Why a slower start can benefit a new president
Nobody comes into the presidency understanding the pressures of the office
It is hard to think of Joe Biden as a novice. After arriving in Washington as the sixth-youngest senator in U.S. history in 1973, Biden remained there for almost five decades, becoming the oldest president ever elected in 2020. The time in between included eight consequential years as the ultimate under-study: vice president to Barack Obama. These metrics demonstrate that few people have risen to the presidency better prepared than Biden. And yet, when he took the oath of office in January, he had exactly as much experience exercising presidential powers as the most inexperienced of his predecessors: none.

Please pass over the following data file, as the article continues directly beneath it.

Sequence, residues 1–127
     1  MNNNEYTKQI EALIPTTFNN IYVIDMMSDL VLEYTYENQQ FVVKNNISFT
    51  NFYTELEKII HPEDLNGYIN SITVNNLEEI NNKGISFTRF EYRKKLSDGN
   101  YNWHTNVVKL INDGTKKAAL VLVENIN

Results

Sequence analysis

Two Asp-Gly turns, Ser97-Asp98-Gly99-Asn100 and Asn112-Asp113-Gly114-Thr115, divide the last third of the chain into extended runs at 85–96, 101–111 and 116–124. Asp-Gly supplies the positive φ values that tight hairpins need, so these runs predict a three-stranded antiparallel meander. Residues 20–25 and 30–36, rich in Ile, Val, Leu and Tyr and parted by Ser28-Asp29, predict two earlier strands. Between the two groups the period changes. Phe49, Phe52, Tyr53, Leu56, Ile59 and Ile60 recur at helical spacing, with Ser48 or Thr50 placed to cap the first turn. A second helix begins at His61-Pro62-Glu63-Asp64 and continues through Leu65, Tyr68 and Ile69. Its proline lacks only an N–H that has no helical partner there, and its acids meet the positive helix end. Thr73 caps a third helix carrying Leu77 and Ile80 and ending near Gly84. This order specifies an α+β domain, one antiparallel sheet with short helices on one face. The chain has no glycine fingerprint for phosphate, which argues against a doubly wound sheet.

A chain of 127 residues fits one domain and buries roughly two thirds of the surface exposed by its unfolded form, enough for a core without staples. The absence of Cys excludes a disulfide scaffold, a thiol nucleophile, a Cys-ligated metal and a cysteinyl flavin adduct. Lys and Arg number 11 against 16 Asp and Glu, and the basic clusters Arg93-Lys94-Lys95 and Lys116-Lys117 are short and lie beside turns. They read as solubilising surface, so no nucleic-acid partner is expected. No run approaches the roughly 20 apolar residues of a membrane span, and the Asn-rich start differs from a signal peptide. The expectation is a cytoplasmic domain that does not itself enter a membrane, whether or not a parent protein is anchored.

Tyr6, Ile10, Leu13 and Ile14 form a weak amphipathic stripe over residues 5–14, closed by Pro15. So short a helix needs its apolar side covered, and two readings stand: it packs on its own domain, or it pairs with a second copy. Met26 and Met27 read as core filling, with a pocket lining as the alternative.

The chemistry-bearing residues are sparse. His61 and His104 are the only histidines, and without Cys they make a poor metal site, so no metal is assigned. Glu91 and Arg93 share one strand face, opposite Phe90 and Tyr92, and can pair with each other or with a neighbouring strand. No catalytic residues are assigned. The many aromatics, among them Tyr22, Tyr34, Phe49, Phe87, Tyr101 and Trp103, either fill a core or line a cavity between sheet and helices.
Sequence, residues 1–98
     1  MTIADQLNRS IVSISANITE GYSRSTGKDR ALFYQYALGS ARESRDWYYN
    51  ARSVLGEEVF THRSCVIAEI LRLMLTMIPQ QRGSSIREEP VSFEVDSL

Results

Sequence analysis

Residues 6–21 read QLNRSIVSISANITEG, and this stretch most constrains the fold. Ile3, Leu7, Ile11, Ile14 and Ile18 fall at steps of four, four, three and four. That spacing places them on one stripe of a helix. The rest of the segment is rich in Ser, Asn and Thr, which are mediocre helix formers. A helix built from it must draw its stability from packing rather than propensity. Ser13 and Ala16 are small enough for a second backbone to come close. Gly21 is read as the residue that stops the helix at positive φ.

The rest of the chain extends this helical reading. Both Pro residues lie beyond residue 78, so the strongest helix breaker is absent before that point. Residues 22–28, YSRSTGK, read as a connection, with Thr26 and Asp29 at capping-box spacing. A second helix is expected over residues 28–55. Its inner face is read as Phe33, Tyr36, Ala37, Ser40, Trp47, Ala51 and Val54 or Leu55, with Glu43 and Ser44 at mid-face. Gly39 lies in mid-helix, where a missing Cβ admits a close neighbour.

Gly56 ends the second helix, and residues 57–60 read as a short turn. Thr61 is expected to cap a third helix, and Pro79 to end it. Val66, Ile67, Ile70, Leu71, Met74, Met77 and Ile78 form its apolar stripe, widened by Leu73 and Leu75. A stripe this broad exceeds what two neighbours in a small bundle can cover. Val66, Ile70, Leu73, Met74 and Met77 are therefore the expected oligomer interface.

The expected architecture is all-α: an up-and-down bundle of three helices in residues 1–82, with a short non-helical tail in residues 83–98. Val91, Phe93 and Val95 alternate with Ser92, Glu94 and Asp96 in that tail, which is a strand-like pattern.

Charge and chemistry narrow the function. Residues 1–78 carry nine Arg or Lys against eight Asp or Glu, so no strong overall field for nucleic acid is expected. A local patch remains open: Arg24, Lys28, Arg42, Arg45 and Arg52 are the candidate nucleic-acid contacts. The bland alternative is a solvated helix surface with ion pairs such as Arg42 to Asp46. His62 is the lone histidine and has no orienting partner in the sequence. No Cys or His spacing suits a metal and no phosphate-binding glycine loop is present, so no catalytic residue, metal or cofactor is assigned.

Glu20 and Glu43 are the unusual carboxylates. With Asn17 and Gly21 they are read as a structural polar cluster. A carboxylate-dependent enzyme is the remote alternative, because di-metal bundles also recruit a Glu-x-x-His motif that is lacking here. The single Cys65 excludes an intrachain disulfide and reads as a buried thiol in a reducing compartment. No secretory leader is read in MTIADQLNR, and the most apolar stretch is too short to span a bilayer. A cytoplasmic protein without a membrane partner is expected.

For Richard Neustadt, who was a respected 20th century student of the presidency, this was a sobering, even worrisome, reality. Each new administration comes into office with high hopes but confronting a uniquely perilous environment, for which there is no wholly effective preparation. Biden was thus, predictably, susceptible to error.